How it works
The “biological pancreas” is implanted into the patient just under the skin during a relatively simple outpatient procedure using anesthesia.
The device is then connected to the patient’s blood vessels so it has direct awareness of the body’s fluctuating blood sugar levels, and then it responds by secreting the appropriate amount of insulin to keep blood sugar levels in a non-diabetic range.
Compared to other “artificial pancreas” technologies in progress today, Betalin’s design has several advantages, the first being that the patient does not have to take immunosuppressant drugs to prevent the immune system from attacking the valuable insulin-producing cells.
The “microstructure” around Betalin’s technology should protect the cells and keep them functional for a much longer time, explained Dr. Avi Treves, founder and former CEO of Hadasit Ltd. and Gamida-Cell Ltd., heads the company’s research and development.
When would this be available
“This is a new way to treat diabetes,” said CEO Dr. Nikolai Kunicher. “Today, you only have ways to manage the disease. This is a cure. The diabetic pancreas has lost the function of secreting insulin and we give it back. The patient should never have to inject insulin into his body again.”
Although promising availability within 5 years is a bit misleading considering they have yet to begin human trials. Demonstrating efficacy and safety in humans with type 1 diabetes can take more than a decade in order to get FDA-approval.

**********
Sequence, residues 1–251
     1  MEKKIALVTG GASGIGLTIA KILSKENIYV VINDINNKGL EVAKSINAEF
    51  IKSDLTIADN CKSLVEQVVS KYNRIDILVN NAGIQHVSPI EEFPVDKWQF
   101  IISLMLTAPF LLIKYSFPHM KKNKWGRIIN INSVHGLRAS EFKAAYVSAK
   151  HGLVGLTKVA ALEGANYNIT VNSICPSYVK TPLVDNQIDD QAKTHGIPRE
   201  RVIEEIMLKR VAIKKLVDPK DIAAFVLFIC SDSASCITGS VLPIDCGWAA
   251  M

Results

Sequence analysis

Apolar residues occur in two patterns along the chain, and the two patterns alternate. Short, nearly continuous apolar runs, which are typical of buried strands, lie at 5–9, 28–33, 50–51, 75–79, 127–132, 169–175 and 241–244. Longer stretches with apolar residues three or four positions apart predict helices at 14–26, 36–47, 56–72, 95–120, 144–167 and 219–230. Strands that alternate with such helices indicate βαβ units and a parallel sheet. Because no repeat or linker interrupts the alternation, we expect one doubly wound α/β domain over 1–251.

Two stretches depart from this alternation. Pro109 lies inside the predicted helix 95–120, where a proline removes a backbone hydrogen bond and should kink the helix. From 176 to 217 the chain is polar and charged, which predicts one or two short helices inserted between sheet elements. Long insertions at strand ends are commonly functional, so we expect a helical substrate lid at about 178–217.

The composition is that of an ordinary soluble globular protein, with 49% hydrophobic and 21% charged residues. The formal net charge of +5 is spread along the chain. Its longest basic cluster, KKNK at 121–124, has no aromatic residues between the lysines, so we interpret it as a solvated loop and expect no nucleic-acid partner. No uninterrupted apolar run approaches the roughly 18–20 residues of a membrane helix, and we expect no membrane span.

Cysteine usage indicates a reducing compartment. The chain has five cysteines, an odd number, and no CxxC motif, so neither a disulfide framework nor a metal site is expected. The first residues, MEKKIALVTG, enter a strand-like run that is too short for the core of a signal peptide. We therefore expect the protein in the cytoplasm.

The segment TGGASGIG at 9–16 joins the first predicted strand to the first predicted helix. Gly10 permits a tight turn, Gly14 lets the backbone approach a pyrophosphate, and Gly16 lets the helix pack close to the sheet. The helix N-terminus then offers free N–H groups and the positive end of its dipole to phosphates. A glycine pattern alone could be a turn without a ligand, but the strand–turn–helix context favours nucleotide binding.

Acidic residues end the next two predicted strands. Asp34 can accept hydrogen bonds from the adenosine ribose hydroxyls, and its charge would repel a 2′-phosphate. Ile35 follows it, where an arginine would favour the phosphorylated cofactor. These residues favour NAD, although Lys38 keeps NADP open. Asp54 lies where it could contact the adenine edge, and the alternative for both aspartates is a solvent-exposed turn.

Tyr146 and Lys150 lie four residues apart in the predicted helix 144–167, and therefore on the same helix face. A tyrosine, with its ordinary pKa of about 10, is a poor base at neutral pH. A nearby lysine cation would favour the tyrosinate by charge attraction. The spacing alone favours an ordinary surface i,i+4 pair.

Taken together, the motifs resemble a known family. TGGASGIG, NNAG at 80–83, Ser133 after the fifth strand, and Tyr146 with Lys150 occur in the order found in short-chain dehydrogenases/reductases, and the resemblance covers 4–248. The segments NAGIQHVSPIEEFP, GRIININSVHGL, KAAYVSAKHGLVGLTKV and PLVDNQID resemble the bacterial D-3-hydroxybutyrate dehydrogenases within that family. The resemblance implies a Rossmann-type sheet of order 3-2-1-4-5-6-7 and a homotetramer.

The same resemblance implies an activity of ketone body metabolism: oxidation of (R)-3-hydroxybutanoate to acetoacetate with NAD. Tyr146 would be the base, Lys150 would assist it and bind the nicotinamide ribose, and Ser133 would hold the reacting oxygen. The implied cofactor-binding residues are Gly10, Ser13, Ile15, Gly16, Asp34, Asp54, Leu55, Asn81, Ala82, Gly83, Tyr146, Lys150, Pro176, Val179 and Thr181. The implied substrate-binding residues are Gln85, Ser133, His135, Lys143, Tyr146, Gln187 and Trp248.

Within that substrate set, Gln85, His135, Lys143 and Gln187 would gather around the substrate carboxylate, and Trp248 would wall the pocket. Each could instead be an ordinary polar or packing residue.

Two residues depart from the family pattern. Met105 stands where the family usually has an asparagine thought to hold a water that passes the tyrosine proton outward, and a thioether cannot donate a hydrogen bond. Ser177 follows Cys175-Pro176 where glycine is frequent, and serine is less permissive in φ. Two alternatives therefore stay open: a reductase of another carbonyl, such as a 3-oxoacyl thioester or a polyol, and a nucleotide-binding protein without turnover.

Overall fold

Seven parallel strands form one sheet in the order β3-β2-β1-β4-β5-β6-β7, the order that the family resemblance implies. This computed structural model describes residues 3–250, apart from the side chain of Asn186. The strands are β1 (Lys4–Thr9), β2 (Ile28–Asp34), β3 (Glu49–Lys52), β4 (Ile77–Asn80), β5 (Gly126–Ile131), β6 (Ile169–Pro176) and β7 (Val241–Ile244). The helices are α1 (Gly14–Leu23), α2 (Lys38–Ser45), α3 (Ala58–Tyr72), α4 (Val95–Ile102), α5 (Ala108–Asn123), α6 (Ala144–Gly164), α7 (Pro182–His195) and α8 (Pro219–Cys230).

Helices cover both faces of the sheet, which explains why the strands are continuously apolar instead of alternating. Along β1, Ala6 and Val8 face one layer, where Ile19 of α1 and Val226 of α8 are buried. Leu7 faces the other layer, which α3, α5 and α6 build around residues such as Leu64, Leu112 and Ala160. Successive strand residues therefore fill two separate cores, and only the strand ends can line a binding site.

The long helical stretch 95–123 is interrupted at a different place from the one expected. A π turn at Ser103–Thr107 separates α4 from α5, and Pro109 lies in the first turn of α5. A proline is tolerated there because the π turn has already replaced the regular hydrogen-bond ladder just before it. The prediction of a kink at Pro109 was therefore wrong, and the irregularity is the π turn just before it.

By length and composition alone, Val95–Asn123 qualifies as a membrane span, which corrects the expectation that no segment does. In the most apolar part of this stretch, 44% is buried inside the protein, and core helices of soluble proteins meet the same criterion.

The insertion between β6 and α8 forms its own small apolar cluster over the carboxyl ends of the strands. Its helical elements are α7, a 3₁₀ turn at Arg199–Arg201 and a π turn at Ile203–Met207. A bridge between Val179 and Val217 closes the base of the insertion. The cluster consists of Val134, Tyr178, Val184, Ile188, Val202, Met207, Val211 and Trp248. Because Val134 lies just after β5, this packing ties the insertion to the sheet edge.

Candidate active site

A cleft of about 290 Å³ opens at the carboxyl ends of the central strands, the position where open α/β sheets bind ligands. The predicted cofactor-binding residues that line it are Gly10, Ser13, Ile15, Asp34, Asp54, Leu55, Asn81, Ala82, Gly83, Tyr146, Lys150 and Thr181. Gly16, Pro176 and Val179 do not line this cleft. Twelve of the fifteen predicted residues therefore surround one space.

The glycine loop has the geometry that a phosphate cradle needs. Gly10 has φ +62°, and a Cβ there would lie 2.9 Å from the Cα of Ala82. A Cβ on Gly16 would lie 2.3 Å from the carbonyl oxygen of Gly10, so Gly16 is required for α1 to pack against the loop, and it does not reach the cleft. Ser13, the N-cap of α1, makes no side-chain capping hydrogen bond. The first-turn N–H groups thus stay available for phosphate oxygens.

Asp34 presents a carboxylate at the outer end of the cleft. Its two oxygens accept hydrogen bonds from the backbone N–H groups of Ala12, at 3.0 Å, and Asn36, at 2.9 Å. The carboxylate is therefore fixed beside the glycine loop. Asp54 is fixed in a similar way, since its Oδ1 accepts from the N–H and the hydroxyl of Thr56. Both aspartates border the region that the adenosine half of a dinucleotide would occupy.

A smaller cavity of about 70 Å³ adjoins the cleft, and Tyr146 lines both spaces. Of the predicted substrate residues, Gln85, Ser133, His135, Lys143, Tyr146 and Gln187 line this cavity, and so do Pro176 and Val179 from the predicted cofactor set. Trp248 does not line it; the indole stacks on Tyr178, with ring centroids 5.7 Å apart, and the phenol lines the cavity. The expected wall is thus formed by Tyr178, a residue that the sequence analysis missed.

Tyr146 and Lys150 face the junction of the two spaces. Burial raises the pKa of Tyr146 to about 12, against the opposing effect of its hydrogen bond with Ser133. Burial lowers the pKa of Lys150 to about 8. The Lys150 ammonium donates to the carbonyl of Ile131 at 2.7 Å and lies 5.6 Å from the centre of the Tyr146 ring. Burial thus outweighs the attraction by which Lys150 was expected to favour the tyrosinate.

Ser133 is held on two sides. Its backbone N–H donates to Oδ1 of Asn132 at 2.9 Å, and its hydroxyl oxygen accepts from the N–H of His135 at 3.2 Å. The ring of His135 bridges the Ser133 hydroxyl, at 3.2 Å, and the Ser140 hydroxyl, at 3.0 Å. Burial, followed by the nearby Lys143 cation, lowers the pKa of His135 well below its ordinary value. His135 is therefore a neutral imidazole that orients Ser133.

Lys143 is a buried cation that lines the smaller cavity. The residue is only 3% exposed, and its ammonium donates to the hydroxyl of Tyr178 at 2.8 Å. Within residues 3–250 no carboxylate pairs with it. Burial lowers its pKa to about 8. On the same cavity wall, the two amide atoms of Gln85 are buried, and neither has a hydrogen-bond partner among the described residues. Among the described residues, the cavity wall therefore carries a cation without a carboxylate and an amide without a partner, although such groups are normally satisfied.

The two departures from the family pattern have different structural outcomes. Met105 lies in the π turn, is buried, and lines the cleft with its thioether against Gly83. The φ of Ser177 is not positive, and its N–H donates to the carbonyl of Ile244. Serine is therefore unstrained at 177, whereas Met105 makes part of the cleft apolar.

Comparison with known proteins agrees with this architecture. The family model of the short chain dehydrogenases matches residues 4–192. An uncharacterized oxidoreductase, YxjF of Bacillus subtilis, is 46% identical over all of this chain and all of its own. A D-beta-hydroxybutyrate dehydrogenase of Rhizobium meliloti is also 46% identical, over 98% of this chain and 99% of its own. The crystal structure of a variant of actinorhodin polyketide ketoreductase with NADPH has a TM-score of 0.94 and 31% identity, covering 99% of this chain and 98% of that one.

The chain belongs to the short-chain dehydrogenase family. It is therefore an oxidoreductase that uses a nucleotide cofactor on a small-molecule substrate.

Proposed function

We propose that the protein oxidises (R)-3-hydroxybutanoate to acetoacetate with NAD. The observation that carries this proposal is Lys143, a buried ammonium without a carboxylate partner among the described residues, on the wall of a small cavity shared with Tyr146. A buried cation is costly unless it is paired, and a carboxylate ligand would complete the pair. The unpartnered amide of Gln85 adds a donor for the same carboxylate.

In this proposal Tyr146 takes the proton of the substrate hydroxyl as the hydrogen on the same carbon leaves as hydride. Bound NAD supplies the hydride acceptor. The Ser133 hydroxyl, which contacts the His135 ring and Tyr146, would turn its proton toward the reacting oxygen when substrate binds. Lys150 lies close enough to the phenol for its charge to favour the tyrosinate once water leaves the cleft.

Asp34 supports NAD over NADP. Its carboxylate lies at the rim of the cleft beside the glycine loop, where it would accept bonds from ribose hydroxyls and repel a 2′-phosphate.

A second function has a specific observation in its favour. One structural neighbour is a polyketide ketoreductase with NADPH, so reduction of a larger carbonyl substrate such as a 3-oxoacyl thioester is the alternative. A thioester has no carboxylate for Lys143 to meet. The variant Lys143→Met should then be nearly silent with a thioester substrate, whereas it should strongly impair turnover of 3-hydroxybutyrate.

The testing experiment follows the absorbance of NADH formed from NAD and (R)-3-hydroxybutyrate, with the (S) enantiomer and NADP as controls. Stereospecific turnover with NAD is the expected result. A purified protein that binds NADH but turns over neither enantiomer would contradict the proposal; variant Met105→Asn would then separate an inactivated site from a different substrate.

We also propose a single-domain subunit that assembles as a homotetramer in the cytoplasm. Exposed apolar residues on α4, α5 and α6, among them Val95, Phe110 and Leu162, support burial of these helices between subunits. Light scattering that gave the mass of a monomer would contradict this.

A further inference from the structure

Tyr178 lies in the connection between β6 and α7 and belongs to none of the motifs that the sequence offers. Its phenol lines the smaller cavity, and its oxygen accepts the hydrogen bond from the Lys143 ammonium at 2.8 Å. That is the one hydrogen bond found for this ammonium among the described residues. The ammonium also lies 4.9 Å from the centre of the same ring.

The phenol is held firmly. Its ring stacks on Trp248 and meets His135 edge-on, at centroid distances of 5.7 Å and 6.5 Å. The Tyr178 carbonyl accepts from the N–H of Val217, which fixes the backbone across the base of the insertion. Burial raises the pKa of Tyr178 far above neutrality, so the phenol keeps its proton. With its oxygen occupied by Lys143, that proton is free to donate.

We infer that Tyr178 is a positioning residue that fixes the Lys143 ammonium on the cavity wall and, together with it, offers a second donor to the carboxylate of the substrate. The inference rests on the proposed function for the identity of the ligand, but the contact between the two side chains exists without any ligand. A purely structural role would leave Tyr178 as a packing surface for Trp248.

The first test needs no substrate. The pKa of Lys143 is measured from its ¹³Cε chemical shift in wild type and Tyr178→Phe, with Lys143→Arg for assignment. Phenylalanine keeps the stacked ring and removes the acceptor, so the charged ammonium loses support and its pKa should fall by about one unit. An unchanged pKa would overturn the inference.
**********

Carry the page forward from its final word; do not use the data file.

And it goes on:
So far, it has successfully managed blood sugar levels in animals with type 1 diabetes.
Betalin also needs to raise more money — approximately $5 million dollars — before human trials begin.
The expected cost for a Betalin biological pancreas is $50,000 which is hardly an affordable cure for the general population of those with type 1 diabetes. But one could hope the price would fall quickly if they do make it past FDA-approval and into the medical technology market.
“Companies in the US are working on this with many more people and huge budgets,” Treves told the Post. “We are a small company with a small budget, but we have excellent people who know how to do the work. The basic tech is ingenious. It will work.”
It’s hopeful to hear this confidence, but as patients with type 1 diabetes, we should be realistic about when this might be available. The process of FDA-approval is time-intensive.
At the same time, if you look at the diabetes technology we have today compared to 1990, so much has changed. It isn’t wildly unreasonable to say that in another 20 or 30 years, living with type 1 diabetes may be far less challenging and demanding on a daily, hourly, minute-by-minute basis.